You walk into class to see the board filled with unfamiliar terms. The bell rings and your teacher starts explaining all this new information, and you can’t help but think, when am I ever going to use this in my life? When am I ever going to need to know this in the future except for the next test?
This has happened to all of us, you, me, and students all over Montgomery County. With all the required courses and standardized testing, the same question pops into students’ minds: why am I learning this? How is this going to help me? What is the purpose?
Across the country, many students and parents agree that the purpose of education in high school is to prepare one for college or the work force. Poolesville junior Sanna Madan says that a high school diploma will lead to a college degree, which will lead to a nice job and a successful life. According to the MCPS High School Survey of Student Engagement, 73 percent of high school students agree with Madan. But even if there is a consensus on the purpose of high school education, there is definitely not agreement on the methods that should be implemented to achieve this purpose. Increased standardized testing and required courses, limited funding for special programs, and other such programs are serving as hindrances in actually preparing students for the real world.
While standardized testing and new Common Core standards may be helping to bring some students up to a certain level, in many ways, they are holding many students back. Standardized tests generally consist of multiple choice questions pertaining to a certain subject. Teachers are encouraged to “teach to the test” and students are taught that memorizing facts and knowing how to fill in a Scantron will help them to develop their thinking skills to solve problems in the future. The irony is clear, yet these tests still have the power to determine a student’s fate as tests such as the Maryland HSAs are graduation requirements.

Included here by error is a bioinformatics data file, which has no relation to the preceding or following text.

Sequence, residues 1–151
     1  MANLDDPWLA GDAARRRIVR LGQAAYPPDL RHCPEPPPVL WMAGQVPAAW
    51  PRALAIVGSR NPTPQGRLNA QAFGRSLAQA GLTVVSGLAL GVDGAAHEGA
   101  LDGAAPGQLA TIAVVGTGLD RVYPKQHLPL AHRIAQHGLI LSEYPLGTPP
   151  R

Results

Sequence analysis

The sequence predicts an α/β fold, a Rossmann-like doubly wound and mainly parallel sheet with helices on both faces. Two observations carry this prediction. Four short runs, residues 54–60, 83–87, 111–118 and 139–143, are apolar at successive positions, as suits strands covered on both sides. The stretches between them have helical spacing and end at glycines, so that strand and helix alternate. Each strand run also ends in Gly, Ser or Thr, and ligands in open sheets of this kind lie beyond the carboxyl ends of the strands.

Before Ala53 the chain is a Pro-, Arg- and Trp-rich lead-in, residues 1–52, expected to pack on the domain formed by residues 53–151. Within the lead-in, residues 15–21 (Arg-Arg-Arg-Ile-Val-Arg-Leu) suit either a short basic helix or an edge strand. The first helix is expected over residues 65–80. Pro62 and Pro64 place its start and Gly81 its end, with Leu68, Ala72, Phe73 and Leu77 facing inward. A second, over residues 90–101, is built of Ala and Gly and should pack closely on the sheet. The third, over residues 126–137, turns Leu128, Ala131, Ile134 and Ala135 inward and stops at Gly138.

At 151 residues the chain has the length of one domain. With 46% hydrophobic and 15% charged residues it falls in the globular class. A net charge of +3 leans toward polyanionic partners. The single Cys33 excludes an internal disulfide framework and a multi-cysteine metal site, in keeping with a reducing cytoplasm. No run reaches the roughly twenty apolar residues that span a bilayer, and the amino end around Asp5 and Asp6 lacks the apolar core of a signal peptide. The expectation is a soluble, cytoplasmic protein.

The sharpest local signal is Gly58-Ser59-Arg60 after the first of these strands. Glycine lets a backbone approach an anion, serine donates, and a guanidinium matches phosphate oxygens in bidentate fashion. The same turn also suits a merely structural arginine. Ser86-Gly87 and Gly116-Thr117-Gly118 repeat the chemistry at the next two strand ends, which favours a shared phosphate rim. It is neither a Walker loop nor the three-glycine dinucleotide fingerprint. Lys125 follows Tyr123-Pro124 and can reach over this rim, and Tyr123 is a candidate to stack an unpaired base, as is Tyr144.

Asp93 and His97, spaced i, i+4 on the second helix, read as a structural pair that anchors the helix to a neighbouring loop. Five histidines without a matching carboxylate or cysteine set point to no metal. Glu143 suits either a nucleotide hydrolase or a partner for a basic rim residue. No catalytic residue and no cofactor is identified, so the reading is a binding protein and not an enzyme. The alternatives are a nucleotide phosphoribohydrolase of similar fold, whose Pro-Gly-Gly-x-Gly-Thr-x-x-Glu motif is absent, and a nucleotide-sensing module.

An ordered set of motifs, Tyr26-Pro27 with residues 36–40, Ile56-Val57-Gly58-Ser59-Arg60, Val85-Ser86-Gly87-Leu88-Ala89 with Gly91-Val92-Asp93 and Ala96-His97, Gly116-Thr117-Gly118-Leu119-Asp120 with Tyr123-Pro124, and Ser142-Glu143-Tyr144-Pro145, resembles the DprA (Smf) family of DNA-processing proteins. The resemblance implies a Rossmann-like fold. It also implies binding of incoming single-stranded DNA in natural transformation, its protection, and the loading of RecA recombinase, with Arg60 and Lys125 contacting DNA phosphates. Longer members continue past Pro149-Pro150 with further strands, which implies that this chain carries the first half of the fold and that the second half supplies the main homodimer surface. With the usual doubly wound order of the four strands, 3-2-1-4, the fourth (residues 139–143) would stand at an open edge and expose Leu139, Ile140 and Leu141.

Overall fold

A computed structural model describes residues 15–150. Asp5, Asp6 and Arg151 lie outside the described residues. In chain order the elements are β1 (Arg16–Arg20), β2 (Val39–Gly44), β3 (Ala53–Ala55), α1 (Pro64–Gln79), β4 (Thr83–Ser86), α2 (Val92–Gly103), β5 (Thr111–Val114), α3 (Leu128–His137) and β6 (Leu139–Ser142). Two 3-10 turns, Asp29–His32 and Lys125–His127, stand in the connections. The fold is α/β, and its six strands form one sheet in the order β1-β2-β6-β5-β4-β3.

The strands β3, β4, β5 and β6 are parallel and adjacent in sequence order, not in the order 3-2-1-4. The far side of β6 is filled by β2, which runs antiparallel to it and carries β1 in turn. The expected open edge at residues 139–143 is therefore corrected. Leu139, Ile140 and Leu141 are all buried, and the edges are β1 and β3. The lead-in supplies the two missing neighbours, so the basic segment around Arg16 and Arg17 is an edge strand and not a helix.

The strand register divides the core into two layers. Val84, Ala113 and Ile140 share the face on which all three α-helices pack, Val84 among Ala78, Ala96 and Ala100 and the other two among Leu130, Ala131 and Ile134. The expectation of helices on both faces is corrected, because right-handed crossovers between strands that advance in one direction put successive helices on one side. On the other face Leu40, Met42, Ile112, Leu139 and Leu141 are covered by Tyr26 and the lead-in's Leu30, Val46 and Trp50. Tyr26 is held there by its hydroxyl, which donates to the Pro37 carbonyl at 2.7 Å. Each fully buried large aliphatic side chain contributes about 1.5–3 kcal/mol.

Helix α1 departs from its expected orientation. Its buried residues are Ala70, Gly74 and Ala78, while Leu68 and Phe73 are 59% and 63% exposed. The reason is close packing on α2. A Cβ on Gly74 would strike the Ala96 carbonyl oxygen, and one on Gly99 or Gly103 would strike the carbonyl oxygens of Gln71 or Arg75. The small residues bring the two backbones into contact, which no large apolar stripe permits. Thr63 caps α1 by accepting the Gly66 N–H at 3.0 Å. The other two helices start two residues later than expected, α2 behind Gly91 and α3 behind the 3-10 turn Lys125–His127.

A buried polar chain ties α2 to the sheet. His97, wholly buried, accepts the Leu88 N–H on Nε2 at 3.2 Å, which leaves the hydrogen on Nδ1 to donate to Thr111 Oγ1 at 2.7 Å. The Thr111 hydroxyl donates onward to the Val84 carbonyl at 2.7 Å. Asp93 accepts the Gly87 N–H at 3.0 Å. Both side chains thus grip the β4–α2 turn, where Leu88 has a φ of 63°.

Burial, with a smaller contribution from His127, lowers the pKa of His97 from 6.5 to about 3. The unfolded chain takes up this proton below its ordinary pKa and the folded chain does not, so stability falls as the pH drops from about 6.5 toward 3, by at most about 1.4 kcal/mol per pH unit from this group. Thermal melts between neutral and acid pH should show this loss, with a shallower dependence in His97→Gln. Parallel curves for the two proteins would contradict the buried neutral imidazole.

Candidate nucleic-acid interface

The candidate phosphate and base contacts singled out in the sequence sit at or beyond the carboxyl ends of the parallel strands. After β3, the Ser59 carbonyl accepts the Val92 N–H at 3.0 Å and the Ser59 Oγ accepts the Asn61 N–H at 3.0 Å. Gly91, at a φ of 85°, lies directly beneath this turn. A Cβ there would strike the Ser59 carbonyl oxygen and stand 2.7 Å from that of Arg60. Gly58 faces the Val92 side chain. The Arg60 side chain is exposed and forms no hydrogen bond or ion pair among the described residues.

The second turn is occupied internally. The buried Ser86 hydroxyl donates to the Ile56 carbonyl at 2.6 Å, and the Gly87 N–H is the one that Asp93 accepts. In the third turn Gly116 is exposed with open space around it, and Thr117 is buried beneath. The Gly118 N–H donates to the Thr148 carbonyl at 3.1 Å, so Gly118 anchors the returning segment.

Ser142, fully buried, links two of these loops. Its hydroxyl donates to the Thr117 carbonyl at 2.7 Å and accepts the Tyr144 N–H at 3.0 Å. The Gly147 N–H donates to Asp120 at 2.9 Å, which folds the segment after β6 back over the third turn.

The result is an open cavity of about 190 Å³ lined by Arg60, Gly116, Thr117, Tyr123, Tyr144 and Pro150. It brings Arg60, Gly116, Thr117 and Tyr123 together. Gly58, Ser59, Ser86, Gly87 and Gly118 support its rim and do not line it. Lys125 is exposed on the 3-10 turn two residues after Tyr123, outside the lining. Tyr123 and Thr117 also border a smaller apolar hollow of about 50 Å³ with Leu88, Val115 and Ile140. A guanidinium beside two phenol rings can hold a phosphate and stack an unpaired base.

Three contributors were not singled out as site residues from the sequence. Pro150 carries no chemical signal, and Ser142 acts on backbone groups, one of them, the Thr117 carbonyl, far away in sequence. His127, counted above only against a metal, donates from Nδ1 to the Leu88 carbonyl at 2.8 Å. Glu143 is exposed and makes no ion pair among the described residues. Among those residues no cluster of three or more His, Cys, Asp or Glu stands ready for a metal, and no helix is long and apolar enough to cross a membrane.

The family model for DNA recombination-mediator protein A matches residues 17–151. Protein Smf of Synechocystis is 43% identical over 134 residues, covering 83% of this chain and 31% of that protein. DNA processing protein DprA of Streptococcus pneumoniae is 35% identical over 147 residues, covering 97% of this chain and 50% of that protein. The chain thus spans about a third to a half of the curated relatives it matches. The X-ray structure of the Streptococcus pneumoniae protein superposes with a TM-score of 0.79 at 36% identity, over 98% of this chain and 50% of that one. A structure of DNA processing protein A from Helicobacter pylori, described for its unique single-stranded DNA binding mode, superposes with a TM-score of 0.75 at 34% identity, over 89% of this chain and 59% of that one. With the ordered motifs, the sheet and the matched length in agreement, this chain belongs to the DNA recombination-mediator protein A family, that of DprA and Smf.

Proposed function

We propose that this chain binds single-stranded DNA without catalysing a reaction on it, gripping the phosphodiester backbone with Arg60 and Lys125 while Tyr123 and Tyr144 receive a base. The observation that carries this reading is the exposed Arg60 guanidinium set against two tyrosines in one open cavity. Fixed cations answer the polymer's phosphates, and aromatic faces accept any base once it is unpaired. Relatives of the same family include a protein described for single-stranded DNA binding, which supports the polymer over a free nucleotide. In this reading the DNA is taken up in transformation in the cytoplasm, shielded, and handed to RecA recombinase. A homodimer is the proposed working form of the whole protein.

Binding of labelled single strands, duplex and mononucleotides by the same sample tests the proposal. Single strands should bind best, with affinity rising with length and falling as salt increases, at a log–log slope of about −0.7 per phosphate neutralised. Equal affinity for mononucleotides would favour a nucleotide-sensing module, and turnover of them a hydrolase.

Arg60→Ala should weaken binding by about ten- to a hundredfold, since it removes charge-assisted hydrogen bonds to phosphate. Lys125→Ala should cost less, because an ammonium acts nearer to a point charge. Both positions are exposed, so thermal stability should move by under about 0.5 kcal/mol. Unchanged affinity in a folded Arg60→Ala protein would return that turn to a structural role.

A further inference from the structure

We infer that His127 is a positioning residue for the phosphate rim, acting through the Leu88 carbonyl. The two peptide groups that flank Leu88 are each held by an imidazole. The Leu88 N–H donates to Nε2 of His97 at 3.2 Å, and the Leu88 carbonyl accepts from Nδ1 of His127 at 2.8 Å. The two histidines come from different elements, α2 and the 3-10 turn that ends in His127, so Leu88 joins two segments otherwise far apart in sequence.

Required courses are another means school systems use to fulfil the purpose of education. Right here in Montgomery County, students must earn a total of 22 credits before graduating from high school. While these required classes span a variety of subjects and help to make students more rounded in all fields, it does take away from student choice. Students have less time to take the courses that interest them, and this prevents them from being able to learn more about the subjects they hope to pursue in college. A Poolesville student exclaims how he “wish[es] there were less required classes so students could specialize in what they like without having to learn about things they may never have to know again in their lives.”
Each and every day, I see students memorizing facts and terms only to forget everything after the test on the material. Students are increasingly “learning” for grades and tests, not to improve their thinking skills. While the purpose of education in high school may be clear, the implementation to achieve that purpose needs improvement, because “education is about inspiring one’s mind, not filling their head.”
Article by Deepti Agnihotri, MoCo Student staff writer.
Image by Valencia Fu, MoCo Student staff artist.